Barry Jackson

This UM coach dishes on Miami Hurricanes' linebackers and the new position on defense

Miami Hurricanes linebacker Shaquille Quarterman (55) tackles Virginia Tech quarterback Josh Jackson (17) in a game last November. Quarterman is expected to be one of UM’s top players this season.
Miami Hurricanes linebacker Shaquille Quarterman (55) tackles Virginia Tech quarterback Josh Jackson (17) in a game last November. Quarterman is expected to be one of UM’s top players this season.

Part three of a five-part series with the Canes' view of every player on defense:

Some insight from outside linebackers coach Jonathan Patke on where UM stands at linebacker a month from the start of fall camp:

UM would love to see Shaquille Quarterman and Mike Pinckney play more on third down this season.

Here’s how Patke assesses both:

On Quarterman: “He is such a competitor and brings an energy at practice. He doesn’t want the offense to get anything in practice. Where we want him to excel a little more this year is on third down. He hasn’t played a lot of third down for us. That’s Pinckney as well. With [Quarterman] so instinctual on first and second down, we would love to keep him on the field on third down.”

So what does Shaq do at an elite level now?

“He stops the run and his physicality is second to none," Patke said. "Once he puts what we call a Shaq shoulder on people, they stop. He is an old school MIKE backer and likes to thump and his instincts seeing the run game are very high. He needs to be better in pass coverage.”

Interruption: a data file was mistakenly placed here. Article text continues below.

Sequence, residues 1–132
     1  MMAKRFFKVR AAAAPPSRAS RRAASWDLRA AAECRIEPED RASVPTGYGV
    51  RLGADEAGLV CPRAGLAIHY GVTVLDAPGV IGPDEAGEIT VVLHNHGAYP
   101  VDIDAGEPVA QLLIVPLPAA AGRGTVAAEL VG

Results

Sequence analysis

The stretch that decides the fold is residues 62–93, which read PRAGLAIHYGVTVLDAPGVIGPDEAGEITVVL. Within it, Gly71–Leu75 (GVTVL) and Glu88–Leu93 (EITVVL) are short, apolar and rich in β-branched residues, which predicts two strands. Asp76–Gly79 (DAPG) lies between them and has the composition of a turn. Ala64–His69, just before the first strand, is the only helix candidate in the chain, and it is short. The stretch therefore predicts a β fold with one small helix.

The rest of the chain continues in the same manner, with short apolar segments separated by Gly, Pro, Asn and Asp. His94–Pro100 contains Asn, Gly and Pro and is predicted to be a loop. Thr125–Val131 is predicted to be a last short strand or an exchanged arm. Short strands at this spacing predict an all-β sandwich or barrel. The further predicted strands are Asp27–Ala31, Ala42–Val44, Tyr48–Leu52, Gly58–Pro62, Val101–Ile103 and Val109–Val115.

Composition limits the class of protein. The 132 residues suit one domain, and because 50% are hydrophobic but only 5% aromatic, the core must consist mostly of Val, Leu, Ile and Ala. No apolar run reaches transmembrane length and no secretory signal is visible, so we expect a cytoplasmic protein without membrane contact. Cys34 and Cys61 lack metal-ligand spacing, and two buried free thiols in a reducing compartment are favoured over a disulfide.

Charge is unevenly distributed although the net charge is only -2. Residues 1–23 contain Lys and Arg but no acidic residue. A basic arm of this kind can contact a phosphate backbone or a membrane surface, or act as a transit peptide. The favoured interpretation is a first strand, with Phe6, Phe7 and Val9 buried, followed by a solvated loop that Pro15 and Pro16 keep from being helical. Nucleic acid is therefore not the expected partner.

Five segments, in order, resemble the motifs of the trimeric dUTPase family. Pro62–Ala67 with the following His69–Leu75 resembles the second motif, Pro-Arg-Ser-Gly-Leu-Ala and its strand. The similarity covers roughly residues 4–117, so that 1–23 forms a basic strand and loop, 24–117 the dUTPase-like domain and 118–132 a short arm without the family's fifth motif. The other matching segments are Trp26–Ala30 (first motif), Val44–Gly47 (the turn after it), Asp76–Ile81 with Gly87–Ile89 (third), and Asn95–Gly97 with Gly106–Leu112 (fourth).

As for Pinckney, “he diagnoses the quickest out of any linebacker we have. You see that on film. It looks like we’re sending him on a blitz and it’s not a blitz. He just has a feel for it. He knows what play is coming, he sees it and believes it and pulls the trigger. That’s why he has so many [tackles for loss]. The offense, in practice, thinks he knows the plays. He doesn’t. He just can [anticipate]. He might be the smartest linebacker we have. He needs to play third down this year; you don’t want to take that guy off on third down.”

Zach McCloud’s spring wrist injury is healing and he’s expected to be back for camp in August, Patke said. And his position has changed from outside linebacker to UM’s new “striker” role, though the responsibilities are similar.

McCloud, Derrick Smith Jr., Romeo Finley, Charles Perry and De’Andre Wilder are all playing that striker role, which is a hybrid linebacker/safety position.

“I’m excited to get him back,” Patke said of McCloud. “He was banged up toward the end of the season after the Pitt game. The physicality he brings is exciting.”

With McCloud out this spring, Patke said Finley ended the spring ahead of Smith at that new striker position.

“They went back and forth; both ran with the ones," Patke said. "Romeo had a better spring than Derrick. We are going to play the most physical players first and Romeo really showed up in the run game and throwing his body around, which we were pleased with. He did really nice things in the run game. Derrick did nice things in coverage, showed up more in coverage. Right now, it will be good competition. You have CJ coming back and getting healthy and Wilder as well.”